In effort to curb COVID, Tokyo Olympics collect lots of spit
TOKYO (AP) — They spit. They wait. They hope.
About 30,000 people from scores of nations are spitting into tiny plastic vials at the Olympics in a daily routine that’s grown crucial in going ahead with the pandemic-era Games, according to organizers.
If you do the math for the two-week duration of the Olympics, that adds up to a half million saliva samples collected for athletes, who get tested daily, as well as other venues, in an extraordinary effort to curb the spread of COVID-19 infections. At about 1 milliliter per sample, that would be ... well, a lot of spit.
In contrast, such tests have long been hard to find for the general Japanese public. Japan is unique among developed nations in having discouraged widespread testing for the coronavirus.
The thousands of samples of collected spit are stored in tubes and identified by a barcode then all go through preliminary tests. Those with dubious results go through another round of testing, according to Olympic organizers’ "Playbook,” which outlines anti-COVID-19 measures.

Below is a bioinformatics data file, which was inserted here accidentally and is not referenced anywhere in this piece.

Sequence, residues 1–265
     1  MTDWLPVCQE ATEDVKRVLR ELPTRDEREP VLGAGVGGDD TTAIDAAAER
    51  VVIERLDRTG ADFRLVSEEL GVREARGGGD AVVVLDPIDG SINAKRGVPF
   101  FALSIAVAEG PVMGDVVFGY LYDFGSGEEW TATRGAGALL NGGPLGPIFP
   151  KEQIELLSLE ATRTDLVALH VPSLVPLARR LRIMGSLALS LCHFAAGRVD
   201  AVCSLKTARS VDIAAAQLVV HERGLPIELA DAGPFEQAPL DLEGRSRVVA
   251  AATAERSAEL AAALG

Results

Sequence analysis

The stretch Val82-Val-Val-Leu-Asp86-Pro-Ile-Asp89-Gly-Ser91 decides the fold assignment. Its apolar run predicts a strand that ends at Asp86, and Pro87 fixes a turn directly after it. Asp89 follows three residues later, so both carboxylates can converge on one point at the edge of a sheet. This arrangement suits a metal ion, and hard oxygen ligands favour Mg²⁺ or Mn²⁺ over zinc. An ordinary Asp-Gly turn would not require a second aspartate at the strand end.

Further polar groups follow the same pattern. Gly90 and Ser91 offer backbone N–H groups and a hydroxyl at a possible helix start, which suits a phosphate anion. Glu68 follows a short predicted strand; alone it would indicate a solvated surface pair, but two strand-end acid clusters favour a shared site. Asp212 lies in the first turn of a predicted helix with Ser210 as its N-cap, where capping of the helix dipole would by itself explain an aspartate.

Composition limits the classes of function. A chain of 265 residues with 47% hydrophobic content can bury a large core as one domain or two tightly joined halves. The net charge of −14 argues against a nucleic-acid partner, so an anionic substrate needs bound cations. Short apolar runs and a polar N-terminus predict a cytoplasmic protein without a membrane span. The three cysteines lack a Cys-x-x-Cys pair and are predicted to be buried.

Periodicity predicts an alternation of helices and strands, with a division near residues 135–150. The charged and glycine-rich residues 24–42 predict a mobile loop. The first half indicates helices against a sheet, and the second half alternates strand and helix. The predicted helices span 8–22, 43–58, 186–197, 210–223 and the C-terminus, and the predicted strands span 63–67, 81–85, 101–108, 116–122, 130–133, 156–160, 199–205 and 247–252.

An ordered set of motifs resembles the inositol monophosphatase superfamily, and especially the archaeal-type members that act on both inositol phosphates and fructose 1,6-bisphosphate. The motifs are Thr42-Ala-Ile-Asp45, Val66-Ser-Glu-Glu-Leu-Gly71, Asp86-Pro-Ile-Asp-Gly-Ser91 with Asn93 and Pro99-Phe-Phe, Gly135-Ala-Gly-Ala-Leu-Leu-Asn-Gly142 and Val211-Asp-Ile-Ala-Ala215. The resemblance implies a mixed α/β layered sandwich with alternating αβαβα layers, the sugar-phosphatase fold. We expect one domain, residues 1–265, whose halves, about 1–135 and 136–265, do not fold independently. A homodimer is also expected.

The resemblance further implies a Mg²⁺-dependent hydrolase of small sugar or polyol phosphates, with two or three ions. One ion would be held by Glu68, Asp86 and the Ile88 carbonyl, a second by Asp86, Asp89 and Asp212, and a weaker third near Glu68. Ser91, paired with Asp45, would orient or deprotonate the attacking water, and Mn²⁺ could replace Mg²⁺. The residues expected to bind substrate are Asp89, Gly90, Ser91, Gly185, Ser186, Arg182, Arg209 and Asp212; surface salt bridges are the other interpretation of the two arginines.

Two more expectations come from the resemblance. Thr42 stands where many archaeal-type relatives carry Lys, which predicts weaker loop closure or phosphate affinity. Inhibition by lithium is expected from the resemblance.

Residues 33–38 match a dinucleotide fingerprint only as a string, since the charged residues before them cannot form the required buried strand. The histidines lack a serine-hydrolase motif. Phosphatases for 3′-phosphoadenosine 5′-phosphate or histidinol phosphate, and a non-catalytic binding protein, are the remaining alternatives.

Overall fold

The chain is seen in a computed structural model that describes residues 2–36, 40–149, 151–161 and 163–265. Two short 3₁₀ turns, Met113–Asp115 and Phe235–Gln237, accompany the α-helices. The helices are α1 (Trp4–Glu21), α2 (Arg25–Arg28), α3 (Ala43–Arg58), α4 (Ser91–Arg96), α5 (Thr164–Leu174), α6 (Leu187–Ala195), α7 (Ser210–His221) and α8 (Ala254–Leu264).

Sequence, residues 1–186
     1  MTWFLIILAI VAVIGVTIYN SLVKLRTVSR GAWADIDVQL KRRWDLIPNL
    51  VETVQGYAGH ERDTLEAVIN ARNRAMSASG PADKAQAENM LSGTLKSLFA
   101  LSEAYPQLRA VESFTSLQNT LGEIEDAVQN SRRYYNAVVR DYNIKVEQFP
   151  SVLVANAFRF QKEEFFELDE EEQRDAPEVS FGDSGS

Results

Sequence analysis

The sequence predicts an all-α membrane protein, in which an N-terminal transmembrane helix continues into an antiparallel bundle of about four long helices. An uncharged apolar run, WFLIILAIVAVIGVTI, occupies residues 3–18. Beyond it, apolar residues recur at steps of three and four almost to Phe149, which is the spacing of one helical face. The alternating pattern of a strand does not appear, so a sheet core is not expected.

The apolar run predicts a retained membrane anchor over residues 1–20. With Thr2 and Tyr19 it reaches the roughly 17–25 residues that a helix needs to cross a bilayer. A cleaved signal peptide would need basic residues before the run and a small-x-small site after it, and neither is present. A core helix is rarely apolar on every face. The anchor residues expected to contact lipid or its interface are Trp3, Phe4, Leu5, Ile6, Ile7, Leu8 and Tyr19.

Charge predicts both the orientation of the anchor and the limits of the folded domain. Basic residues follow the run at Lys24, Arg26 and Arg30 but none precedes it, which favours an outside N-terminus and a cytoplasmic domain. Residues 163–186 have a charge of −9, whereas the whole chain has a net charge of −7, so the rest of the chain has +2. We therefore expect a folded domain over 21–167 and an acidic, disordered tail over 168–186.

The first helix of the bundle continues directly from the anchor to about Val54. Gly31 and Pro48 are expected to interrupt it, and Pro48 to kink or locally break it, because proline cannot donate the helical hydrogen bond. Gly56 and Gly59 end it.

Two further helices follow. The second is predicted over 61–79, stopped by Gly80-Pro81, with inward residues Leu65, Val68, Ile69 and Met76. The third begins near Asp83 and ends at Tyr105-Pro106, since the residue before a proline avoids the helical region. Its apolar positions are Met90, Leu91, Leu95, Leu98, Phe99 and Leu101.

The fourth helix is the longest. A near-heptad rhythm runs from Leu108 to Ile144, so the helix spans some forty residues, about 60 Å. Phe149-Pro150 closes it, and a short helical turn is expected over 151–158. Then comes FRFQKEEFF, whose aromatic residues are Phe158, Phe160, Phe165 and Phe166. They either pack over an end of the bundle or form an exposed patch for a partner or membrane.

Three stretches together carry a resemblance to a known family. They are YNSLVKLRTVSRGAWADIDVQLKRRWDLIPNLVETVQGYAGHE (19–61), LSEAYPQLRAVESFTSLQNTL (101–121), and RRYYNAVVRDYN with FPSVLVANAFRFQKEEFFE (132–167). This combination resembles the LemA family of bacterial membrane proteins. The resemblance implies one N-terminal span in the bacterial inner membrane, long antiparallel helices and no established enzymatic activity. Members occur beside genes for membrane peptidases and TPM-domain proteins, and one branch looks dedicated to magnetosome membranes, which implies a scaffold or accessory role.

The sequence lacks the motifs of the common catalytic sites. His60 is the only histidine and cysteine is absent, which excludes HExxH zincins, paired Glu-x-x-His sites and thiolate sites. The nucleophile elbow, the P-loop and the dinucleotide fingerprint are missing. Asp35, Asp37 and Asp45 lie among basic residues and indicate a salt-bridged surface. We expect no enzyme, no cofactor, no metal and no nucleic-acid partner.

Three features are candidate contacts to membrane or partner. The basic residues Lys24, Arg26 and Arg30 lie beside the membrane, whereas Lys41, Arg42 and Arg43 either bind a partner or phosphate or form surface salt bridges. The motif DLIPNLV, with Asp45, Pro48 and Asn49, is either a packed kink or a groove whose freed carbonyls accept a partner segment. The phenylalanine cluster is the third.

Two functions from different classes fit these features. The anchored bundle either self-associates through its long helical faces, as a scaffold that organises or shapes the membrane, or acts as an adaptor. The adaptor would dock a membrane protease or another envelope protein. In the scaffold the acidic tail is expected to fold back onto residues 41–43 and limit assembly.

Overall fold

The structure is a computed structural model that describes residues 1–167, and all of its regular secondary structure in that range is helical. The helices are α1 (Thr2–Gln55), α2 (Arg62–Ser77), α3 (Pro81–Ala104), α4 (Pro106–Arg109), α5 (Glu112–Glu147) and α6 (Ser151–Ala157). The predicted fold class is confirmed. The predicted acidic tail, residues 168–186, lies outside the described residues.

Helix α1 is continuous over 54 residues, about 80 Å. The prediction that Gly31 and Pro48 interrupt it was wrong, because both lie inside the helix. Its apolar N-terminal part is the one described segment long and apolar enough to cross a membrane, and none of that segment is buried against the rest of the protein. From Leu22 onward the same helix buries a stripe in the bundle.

The tests are being done at a facility called the Fever Clinic, which also cares for and isolates infected people within the so-called "Olympic bubble.” Once a COVID-19 infection is identified or suspected, “close contacts” also are tested to identify others who may be ill — a whack-a-mole process done under controlled conditions. Organizers wouldn't comment on the number of people working at the clinic or the specific arrangements.
These tests don’t require sticking a swab up one’s nose, another widespread method of testing for the coronavirus.
The tests for athletes, team officials, media and others affiliated with the Games are free to those submitting them, although they are estimated to cost about 10,000 yen ($100) each, medical say experts....